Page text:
Cite as: 538 U. S. 580 (2003)
Thomas, J., dissenting
litigants' rights under Article III are either protected or they are not. As the majority suggests, its reading does not safeguard these rights. Indeed, the only protection offered by the majority is its hope that the "procedural requirements of § 636(c)(2) and Federal Rule of Civil Procedure 73(b)" will be complied with. Ante, at 591, n. 7. The majority offers no credible solution for circumstances, such as the ones here, where these rules were not followed.
Even apart from the plain text of the statute and the canon of constitutional avoidance, concerns about fairness—to which the majority alludes above, see ante, at 588-590— weigh in favor of express consent. According to the majority, the respondent is a "possibly opportunistic litigant," who "deserves no boon from the other side's failure to cross the bright line," ante, at 590. The record, however, provides no evidence that respondent, proceeding pro se below, manipulated the system. Moreover, "the other side" is the State of Texas, a repeat player, represented by its own counsel, and no doubt familiar with the rules of the local federal courts. Finally, it was not respondent who raised the issue of consent, but the Court of Appeals, which considered the question sua sponte.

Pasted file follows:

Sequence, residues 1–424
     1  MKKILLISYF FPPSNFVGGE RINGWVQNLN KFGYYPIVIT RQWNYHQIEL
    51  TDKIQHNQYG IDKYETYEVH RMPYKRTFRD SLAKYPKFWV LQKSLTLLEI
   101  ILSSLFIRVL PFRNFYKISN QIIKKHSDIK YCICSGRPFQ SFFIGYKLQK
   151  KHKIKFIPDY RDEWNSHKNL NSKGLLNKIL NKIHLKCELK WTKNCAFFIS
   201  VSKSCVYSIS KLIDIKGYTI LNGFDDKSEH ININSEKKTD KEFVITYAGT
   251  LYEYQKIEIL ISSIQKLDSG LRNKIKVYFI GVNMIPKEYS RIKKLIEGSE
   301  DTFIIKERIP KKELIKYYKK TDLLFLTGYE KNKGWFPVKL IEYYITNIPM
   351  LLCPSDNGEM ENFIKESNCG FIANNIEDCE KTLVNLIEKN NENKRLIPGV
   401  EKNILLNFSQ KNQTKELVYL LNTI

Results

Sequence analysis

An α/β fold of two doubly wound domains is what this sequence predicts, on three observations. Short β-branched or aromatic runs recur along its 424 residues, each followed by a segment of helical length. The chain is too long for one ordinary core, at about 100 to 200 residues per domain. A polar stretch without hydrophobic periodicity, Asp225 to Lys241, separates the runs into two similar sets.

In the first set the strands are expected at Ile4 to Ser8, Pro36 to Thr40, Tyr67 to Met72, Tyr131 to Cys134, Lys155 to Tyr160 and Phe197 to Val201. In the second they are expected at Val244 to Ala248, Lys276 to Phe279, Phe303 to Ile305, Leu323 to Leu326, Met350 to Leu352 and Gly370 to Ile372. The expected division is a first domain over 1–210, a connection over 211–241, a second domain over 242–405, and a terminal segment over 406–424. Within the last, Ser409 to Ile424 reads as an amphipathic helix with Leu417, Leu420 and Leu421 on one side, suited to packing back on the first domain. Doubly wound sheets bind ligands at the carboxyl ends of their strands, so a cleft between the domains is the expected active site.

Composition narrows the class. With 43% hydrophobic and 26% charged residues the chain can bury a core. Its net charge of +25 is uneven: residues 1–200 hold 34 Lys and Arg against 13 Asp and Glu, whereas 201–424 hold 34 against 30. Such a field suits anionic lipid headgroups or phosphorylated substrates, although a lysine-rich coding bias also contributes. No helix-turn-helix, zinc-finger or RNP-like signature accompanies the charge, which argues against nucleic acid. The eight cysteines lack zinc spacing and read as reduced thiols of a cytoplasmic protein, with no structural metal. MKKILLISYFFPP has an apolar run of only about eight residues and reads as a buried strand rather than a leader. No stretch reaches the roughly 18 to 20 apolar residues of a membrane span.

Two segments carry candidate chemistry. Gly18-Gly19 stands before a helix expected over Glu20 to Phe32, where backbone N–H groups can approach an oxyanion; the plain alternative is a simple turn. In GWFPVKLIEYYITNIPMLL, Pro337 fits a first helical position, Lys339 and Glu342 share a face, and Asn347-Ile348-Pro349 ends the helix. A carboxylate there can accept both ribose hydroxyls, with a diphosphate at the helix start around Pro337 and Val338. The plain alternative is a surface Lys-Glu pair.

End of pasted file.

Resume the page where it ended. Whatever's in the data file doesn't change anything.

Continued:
Because the parties here did not expressly consent to the proceeding before the Magistrate Judge, I next consider whether the lack of such consent destroys jurisdiction of a court of appeals reviewing a magistrate judge's judgment. I believe it does, and thus, a court of appeals may—and indeed must—raise it sua sponte.
A court of appeals exercises jurisdiction over a magistrate judge's final order pursuant to § 636(c)(3), which provides:
"Upon entry of judgment in any case referred under paragraph (1) of this subsection, an aggrieved party may appeal directly to the appropriate United States court of appeals from the judgment of the magistrate judge in
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